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Can’t Afford Your Prescription?

Back when I last had insurance, 2008, I took the medicine that was just right for me. Without insurance, I switched to a generic that was okay but not great. Now, ten years later, that med is available in generic form, but even then it still costs $100 a month! However, when I Googled to find out the current price I was reminded about Their site has price-reducing coupons for a variety of prescription medications at several stores. You put in your zip code and they find prices and coupons for many pharmacies near you. 

Thanks to GoodRx I was able to get the Rx that is good for me at a fraction of the market price. 


52 Weeks: Medical – Prescriptions

Prescription medication can be prohibitively expensive. There are several approaches to dealing with this.

First, if the cost is a problem, make sure your doctor knows this. Oftentimes there are alternatives that will work as well or almost as well, at a fraction of the cost of the first thing they thought of. If the pill is a type that can be cut in half, see if the doctor will prescribe twice the dose, with the understanding that you will take half a pill to get the dose they really want. I’ve been doing this for years. The higher dose doesn’t cost twice as much as the lower, so I save a lot of money that way.

Second, choose your pharmacy. A wonderful resource is  Put in the exact name of the medication and the prescribed dose, and they will show you the price at many drugstores near you. Sometimes there’s a coupon you can print out for a discount at one of the stores.

Be aware that many supermarket pharmacies give away some basic medications free. In my area, Publix gives away metformin (diabetes), lisinopril (high blood pressure), and seven antibiotics.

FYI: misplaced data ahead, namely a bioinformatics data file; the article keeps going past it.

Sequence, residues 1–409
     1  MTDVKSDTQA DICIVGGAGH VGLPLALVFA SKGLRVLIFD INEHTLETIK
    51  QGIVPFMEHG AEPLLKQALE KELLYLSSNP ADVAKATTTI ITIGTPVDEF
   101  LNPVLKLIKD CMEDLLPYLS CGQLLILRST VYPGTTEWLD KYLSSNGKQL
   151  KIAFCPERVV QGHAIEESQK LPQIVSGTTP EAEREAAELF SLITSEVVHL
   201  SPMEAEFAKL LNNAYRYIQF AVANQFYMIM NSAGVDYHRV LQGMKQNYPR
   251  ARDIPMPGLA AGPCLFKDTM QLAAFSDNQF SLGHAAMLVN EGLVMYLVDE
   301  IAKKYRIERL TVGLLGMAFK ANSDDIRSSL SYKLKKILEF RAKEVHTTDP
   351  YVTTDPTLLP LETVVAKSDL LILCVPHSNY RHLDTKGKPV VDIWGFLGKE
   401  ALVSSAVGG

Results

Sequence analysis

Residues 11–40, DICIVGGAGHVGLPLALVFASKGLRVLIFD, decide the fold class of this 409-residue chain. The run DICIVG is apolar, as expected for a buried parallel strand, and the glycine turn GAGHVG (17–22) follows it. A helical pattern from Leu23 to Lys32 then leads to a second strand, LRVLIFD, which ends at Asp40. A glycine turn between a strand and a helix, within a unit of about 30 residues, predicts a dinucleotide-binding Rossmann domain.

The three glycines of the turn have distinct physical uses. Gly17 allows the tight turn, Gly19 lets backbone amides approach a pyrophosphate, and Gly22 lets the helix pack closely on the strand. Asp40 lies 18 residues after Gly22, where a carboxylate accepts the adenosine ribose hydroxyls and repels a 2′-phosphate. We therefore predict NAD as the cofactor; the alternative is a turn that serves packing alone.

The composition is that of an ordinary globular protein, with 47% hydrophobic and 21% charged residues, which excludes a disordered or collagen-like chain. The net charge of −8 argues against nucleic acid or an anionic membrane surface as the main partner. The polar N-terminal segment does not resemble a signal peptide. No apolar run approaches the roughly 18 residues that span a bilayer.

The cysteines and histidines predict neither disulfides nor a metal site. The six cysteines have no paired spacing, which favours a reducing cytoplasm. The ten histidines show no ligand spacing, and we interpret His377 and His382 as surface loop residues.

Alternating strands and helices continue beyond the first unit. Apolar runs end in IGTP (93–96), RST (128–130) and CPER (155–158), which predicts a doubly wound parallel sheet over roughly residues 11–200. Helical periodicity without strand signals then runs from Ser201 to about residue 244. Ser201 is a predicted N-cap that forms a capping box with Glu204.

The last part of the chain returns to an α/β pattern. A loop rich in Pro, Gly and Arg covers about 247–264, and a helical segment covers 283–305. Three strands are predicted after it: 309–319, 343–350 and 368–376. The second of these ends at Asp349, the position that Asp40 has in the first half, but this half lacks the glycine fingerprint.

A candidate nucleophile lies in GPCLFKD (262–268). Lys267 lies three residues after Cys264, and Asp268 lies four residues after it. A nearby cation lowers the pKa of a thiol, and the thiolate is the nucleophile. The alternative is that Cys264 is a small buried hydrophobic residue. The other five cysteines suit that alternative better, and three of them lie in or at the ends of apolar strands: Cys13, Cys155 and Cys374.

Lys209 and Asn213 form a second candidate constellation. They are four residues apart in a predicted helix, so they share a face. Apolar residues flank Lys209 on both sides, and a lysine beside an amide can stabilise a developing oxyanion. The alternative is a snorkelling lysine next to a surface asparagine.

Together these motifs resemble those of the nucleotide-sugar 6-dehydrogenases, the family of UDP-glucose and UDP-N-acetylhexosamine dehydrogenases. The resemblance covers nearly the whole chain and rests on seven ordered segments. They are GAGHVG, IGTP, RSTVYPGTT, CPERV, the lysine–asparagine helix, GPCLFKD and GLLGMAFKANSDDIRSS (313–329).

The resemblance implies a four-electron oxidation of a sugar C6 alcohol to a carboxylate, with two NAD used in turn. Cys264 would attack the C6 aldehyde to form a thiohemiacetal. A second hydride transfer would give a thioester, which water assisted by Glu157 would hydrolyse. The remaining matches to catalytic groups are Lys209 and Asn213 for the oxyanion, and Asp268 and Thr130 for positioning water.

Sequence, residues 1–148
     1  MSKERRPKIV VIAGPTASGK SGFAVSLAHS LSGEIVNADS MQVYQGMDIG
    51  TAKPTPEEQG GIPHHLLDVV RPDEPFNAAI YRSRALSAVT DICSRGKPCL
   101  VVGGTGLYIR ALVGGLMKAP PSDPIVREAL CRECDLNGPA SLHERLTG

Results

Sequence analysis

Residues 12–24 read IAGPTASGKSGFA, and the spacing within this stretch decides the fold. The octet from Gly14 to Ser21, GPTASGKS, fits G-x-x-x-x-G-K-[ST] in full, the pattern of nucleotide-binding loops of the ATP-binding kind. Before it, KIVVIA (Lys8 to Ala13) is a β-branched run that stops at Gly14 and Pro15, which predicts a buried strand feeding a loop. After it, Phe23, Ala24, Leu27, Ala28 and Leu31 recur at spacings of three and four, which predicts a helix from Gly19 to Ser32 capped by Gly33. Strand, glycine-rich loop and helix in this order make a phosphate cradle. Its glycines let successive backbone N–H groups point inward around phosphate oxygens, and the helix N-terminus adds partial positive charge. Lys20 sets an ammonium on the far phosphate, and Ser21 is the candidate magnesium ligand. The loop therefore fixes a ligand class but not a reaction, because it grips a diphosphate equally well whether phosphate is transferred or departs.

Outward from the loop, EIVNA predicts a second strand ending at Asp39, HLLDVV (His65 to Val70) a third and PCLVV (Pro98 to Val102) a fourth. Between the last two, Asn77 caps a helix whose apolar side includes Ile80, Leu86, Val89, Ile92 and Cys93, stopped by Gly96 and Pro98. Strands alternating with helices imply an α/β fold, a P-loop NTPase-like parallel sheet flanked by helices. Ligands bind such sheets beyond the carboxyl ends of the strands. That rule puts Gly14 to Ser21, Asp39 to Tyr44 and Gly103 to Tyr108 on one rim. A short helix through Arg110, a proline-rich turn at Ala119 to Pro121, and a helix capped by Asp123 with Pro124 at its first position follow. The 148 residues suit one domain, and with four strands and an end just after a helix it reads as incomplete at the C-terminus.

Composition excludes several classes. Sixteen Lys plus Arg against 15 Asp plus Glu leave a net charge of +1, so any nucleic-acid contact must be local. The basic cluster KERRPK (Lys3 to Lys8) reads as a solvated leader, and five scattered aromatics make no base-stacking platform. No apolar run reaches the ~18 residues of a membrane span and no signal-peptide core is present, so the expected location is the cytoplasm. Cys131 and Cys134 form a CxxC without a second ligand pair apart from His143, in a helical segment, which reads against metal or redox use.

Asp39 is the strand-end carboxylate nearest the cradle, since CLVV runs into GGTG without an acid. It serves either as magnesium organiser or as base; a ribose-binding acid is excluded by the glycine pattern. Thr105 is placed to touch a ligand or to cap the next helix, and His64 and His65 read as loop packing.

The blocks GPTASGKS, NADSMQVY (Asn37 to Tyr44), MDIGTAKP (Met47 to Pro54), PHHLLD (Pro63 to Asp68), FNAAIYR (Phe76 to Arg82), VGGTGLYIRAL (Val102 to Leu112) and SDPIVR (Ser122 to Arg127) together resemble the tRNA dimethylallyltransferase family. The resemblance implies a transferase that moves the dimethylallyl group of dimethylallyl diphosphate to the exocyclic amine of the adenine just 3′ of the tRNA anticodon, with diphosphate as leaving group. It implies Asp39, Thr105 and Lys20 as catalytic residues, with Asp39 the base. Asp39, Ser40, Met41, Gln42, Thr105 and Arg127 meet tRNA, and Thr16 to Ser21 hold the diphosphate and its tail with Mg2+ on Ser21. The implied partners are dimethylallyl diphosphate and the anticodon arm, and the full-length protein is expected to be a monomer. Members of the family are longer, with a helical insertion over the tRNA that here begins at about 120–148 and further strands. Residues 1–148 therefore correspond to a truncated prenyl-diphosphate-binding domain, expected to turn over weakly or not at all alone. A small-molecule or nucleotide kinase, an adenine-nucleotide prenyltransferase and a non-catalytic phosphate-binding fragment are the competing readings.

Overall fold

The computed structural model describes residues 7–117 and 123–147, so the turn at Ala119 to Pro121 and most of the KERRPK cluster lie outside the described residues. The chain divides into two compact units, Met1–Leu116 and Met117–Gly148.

Walmart has a very long list of generic medications that cost only $4 a month, or $10 for a 90 day supply.




Marie Brack is the author of Frugal Living for the 21st Century: Adventures in Using Your Money Wisely. It’s available on in both Kindle and paperback versions.

Communication: Cell Phone Plans

Most single people I know who have a low income have a cell phone only, no landline. For one person the right cell plan can cost no more than basic landline service. And you can take it with you! I like having it with me in case I need to call for help in the car. It’s nice for calling manufacturers right there in the grocery store to be sure whether their product contains something to which I’m allergic.

Virgin Mobile’s Pay Lo plans start as low as $20 a month. The unlimited plan is $40. I suppose a couple or a family could share this if they left the phone at home–just like you leave the landline phone at home–and only took it with them when they went somewhere together. Usually, a family plan costs less than a separate plan for each person, but not always. It can’t hurt to do the math and compare different providers.

Walmart’s Straight Talk cell phone plan gets good reviews online. They give a fifteen-day trial period that allows you to see if the service and the phone will work for you in your area. Several sources say that the unlimited data plan may have some unstated limitations in practice.

Ask your provider–and competing providers–about special discounts. There may be discounts for educators, the military, seniors, any group of which you are a member. Not all discounts are widely advertised and it can’t hurt to ask.

If your data bill is higher than you expected, consider this. If someone on your plan doesn’t log out of Facebook, data will stream any time one of their friends updates their status. So make it a habit to log out of Facebook and similar sites to keep the data bill under control.


Marie Brack is the author of Frugal Living for the 21st Century: Adventures in Using Your Money Wisely. It’s available on in both Kindle and paperback versions.

Communication: Make the Cable/Internet Company Jealous

I was considering getting my internet from a different company where it was less costly. That would break up the bundle with the company I have now, so I’d only have cable with them.

When I talked with the sales department at my current company, they didn’t have an offer for slower internet and just basic cable that was less than $120 a month. That’s outside my comfort zone.

I priced internet alone at the competitor. Then I called back and asked for the department that handles reducing or cancelling service (instead of the sales department). Suddenly, they could give me 2 mbps internet and basic cable for $60. 2 mb is more than plenty for what I do. No one here plays graphics-intensive mmogs.

Make them think you’re transferring your affections to another, and suddenly they can offer a competitive rate.